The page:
Pa.'s Oxymorons 'really good at laughing' at themselves
If you're looking for a good place to take a date, Liz Curtis recommends a comedy show, especially improv.
"You can tell a lot about a person by … what jokes they laugh at," said Curtis.
Curtis is a member of the Oxymorons, a southcentral Pennsylvania improv comedy troupe that performs in an unscripted "Whose Line Is It Anyway?" style. The group, created in 2010, relies on audience suggestions and games to create characters, scenes and jokes on the spot.
During one scene at show, which is posted online, the characters said closed captioning was down, so one member acted out a variety of moments described in an interview: women giving birth while standing on their hands, a man getting mauled by a puma, and a man using a staple gun on himself for some emergency surgery. In another game, video of which is also posted online, members told a series of one-liners about 400 bars of soap, 400 wines, 400 jumper cables and 400 several other things walking into a bar.
Toby Bradbury, 38, of Harrisburg, said the audience suggestions, the changes in which games they do, and the rotation of who performs in each game mean that "no two shows are ever the same."
The six-member group has performed at colleges, comedy clubs, bars, restaurants and theaters, and has experience doing corporate-team building workshops. On the second Sunday of each month, the group performs at The Abbey Bar at Appalachian Brewing Company in Harrisburg. Members have a mix of improv, stand-up comedy and theater backgrounds.
Three members of the team in separate interviews talked about the most challenging moments on stage, how improv has influenced their everyday life and other aspects of performing.
Challenging moments: "If you're doing ... stand-up in a room where they don’t care about you, you’re just talking,” said Curtis, 30, of Harrisburg, “and they can tune you out."
For improv, performers are more reliant on the audience.
At one show at a bar, the Oxymorons showed up to find a crowd that seemed to have no idea there was going to be an improv comedy show that night. The group was off in a corner of the bar. Maybe two or three people were sort of watching them, said Sara Shaw, a performer and the group's co-director. Everybody else was getting drinks, watching a game or otherwise not paying attention.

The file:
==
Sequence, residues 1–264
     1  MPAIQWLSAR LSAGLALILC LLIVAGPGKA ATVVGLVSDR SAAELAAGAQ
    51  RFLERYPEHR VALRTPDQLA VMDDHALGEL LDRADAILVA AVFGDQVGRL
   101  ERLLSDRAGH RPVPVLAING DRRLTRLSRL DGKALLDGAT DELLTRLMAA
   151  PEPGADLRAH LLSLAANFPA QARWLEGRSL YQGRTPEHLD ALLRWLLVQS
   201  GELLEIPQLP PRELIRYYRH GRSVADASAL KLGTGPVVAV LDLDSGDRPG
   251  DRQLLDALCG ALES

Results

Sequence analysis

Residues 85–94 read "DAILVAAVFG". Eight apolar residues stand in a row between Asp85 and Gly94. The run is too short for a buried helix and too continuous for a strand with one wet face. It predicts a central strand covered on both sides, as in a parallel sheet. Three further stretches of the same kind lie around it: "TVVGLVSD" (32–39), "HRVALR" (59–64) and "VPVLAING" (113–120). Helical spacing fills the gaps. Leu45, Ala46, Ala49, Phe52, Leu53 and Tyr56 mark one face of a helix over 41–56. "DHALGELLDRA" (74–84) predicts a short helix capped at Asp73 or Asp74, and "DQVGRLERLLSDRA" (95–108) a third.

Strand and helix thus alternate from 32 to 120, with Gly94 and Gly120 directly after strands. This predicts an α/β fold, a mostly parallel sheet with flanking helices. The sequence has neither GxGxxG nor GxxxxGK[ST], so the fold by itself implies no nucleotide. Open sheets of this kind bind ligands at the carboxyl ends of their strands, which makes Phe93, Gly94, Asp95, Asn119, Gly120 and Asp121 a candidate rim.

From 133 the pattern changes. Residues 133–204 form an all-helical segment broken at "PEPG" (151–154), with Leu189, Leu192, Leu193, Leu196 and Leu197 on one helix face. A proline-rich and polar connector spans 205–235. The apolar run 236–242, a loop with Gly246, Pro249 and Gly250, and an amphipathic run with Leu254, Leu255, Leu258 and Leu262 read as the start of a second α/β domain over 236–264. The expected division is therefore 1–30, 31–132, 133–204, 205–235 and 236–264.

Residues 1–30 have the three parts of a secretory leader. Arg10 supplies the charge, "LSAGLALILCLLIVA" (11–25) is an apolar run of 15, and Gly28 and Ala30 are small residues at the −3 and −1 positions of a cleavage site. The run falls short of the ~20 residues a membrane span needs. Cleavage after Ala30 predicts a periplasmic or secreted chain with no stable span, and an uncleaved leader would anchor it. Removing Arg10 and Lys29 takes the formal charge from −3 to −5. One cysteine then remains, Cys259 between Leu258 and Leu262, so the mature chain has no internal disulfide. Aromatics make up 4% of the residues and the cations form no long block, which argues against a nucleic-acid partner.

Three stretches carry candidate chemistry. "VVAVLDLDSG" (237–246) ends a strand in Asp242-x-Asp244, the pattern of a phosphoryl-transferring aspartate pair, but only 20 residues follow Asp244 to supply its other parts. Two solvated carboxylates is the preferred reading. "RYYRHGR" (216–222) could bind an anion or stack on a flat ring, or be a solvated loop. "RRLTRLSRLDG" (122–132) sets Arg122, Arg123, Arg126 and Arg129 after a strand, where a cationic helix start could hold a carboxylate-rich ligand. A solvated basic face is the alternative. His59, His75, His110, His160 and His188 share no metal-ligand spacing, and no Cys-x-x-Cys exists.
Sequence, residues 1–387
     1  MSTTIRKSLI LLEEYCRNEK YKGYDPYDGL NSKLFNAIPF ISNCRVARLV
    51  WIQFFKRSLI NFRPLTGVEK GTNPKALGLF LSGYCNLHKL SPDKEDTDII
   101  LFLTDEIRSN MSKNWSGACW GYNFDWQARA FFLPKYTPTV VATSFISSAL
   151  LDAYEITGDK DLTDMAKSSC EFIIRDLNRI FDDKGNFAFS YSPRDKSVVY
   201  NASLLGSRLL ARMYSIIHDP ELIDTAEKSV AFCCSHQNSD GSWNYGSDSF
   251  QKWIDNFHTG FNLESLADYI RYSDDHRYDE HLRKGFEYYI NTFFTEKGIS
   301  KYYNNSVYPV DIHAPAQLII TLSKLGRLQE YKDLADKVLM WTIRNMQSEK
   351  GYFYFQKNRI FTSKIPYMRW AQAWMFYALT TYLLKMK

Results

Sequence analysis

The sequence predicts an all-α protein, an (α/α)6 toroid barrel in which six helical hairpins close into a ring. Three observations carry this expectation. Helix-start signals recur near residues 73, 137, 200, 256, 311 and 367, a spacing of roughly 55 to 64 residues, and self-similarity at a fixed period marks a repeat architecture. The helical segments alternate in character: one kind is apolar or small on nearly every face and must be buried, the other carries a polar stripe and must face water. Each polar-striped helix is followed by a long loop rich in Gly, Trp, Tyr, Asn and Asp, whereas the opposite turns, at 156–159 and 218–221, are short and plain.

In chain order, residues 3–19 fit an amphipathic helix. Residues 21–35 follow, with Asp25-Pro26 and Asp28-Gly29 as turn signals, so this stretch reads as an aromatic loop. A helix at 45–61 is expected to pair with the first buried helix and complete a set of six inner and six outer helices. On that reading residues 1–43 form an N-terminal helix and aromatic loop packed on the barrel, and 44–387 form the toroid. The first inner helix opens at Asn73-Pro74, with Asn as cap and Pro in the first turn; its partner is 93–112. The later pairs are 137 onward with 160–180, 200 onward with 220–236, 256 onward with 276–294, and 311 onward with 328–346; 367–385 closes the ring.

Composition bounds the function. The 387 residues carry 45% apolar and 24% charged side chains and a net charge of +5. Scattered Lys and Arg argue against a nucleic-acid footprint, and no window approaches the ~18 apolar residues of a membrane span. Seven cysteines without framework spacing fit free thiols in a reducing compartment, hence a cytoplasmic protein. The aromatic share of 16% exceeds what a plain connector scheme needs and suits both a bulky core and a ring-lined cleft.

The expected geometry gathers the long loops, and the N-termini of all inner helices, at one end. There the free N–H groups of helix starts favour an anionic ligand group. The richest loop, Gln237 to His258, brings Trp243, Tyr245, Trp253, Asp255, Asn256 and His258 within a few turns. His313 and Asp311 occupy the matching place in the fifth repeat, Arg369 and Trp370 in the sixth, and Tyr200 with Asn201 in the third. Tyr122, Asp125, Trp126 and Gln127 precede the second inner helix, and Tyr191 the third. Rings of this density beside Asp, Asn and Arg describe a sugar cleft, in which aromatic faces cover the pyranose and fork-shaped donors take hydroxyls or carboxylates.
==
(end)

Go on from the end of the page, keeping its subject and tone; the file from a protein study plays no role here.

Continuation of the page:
Shaw turned to the people in the bar, and asked something along the lines of: Are you ready for some improv?
"No!" was the response from a couple people, Shaw said.
That kind of reaction is rare, Curtis said. In that type of situation, Curtis said it's important to keep smiling and look for a few or even one person who is interested.
Said Shaw: "We're all really good at laughing at ourselves. And so we’re just like, all right, well, this is what this is today."
Favorite games: Bradbury and Curtis both picked a guessing game that requires a shopkeeper to guess what a customer wants -- such as tie-dye, aluminum Q-tips endorsed by Shaquille O'Neal -- based on clues. Because the audience supplies the product details, they can enjoy “watching the person … struggle to get it," said Curtis.
Shaw's favorite game is one that involves four performers rotating from scene to scene, and switching characters as they go. "I love the collaboration," said Shaw, 35, of Conewago Township.
What to expect at a show: It's interactive, but audience members control how involved they get. "We don’t pull anybody up on stage who doesn’t want to go," said Bradbury.
How improv has influenced them: In an improv scene, if another performer begins a scene by saying you've landed on the moon, you shouldn't say, no, we're in Florida.
"You don’t shoot somebody else down," Shaw said.
You have to accept the premise, and add to it. Shaw said she applies that approach to motivational speaking she does about body image at colleges.
If you go
The group performs the second Sunday of each month at The Abbey Bar at Appalachian Brewing Company, 50 N. Cameron St., Harrisburg. Admission for the 7 p.m. June 12 show was $7.